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dc.contributor.authorTaylor, Alanna
dc.date.accessioned2015-08-13T18:24:23Z
dc.date.available2015-08-13T18:24:23Z
dc.identifier.urihttp://hdl.handle.net/10222/59997
dc.description.abstractThe surge in large-scale land acquisitions – or ‘land grabs’ – following the financial crisis has provoked a polarised debate centred on the role of foreign investment in African agriculture. A critical and often overlooked, component of this debate is the role of water. Drawing on fieldwork conducted in 2013, this thesis explores a large-scale sugar project slated to begin in Tanzania in order to understand the likely implications of large-scale land acquisitions on water security. Although the original project bore all of the hallmarks of a ‘land grab’, a change in ownership saw the project reinvented and rebranded as a model for sustainable agriculture. Using a critical lens that transcends simplistic understandings of water security as water availability, this thesis provides some insights on how large-scale agricultural projects approach water management and what this may mean for water security in Tanzania.en_US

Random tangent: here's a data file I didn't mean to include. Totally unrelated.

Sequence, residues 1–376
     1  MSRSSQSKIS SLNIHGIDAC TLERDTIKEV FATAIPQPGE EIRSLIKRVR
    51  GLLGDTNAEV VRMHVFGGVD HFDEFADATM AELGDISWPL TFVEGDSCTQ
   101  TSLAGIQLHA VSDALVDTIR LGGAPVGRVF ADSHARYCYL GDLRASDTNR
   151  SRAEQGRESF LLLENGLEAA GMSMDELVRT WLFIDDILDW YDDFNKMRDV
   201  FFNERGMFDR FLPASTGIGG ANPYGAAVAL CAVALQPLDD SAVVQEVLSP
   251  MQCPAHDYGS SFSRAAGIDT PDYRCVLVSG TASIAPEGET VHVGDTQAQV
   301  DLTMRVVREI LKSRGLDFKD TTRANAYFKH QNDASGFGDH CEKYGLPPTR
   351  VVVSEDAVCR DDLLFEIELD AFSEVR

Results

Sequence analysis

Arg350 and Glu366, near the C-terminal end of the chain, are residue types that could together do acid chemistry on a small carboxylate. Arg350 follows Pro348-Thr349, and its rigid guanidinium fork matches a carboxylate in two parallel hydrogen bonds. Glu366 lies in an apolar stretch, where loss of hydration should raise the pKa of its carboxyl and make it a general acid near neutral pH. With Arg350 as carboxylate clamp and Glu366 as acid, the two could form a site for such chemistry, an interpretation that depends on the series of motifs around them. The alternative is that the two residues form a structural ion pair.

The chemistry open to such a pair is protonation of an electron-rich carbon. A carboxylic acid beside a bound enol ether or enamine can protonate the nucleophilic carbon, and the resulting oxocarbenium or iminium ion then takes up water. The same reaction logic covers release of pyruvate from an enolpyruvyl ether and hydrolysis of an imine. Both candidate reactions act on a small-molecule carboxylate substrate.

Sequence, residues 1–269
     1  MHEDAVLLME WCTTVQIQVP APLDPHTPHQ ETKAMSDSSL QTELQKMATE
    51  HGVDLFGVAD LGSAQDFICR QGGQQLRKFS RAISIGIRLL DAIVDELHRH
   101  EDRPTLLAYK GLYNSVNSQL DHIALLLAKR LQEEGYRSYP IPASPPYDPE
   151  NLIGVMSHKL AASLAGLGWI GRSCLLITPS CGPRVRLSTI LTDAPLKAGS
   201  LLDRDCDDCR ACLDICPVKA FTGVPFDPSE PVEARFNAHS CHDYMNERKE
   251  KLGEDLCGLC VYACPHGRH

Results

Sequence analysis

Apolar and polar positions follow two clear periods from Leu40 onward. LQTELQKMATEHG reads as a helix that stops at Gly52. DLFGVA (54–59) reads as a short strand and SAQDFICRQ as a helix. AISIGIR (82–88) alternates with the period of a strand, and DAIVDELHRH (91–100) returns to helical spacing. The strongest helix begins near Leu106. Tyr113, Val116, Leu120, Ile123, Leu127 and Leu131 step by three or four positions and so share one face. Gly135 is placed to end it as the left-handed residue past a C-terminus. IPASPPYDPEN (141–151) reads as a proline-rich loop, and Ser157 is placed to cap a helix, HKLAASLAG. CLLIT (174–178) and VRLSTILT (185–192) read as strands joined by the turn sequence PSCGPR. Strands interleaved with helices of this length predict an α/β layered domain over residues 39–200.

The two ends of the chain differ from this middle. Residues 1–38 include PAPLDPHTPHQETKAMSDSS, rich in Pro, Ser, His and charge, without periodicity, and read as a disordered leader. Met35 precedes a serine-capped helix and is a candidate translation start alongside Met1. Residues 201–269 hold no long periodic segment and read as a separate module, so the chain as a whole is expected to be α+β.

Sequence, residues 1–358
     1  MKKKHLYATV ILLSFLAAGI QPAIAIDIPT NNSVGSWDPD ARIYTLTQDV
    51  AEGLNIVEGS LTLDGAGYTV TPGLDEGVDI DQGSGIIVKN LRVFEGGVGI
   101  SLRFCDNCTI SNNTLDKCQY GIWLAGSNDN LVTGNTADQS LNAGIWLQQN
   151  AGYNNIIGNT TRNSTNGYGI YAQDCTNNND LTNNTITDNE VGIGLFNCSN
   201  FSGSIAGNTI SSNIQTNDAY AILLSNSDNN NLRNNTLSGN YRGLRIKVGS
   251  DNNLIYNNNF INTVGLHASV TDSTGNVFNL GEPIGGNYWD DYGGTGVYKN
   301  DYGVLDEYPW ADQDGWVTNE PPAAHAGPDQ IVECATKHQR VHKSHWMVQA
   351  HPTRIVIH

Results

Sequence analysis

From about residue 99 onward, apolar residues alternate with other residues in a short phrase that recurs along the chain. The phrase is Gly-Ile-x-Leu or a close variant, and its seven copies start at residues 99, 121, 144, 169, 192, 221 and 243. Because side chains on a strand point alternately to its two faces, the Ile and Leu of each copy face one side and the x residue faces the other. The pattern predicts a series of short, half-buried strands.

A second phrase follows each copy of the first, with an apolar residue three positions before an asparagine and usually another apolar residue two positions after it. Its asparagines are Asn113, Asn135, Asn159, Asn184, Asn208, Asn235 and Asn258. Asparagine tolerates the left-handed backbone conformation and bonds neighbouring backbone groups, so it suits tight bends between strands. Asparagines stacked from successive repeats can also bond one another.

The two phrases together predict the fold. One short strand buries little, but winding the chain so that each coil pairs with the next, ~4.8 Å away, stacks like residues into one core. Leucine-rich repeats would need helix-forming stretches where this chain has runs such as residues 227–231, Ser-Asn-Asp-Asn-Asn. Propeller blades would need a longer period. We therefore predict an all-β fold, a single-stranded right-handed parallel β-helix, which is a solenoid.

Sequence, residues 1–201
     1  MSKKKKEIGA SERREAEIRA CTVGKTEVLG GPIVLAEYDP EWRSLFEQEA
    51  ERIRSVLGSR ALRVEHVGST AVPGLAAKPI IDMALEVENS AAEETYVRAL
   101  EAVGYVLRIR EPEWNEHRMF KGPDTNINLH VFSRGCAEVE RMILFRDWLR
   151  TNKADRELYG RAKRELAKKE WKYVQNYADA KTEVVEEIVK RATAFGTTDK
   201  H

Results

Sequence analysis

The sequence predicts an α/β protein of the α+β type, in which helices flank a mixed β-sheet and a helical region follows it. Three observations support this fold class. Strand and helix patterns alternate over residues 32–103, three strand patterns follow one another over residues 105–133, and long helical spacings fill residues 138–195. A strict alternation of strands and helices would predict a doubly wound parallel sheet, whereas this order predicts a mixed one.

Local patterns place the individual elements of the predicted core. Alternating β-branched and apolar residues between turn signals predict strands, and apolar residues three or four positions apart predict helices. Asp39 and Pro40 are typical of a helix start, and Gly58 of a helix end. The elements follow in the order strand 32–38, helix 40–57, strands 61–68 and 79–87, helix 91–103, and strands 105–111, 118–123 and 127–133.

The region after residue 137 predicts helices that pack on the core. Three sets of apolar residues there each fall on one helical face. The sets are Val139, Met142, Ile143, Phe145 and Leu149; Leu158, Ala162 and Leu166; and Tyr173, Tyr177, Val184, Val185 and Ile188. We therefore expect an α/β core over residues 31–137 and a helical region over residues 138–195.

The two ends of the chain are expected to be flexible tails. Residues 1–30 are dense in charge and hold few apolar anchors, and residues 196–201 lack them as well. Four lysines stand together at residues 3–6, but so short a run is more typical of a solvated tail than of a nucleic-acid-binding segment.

dc.language.isoenen_US
dc.subjectLarge-scale land acquisitionen_US
dc.subjectWater securityen_US
dc.titleLARGE-SCALE LAND ACQUISITIONS IN TANZANIA: A CRITICAL ANALYSIS OF THEIR IMPLICATIONS ON WATER SECURITYen_US
dc.date.defence2015-08-04
dc.contributor.departmentDepartment of International Development Studiesen_US
dc.contributor.degreeMaster of Artsen_US
dc.contributor.external-examinerDr. Kate Ervineen_US
dc.contributor.graduate-coordinatorDr. Theresa Ulickien_US
dc.contributor.thesis-readerDr. Kate Sherrenen_US
dc.contributor.thesis-supervisorDr. Matthew Schnurren_US
dc.contributor.ethics-approvalReceiveden_US
dc.contributor.manuscriptsNot Applicableen_US
dc.contributor.copyright-releaseNot Applicableen_US
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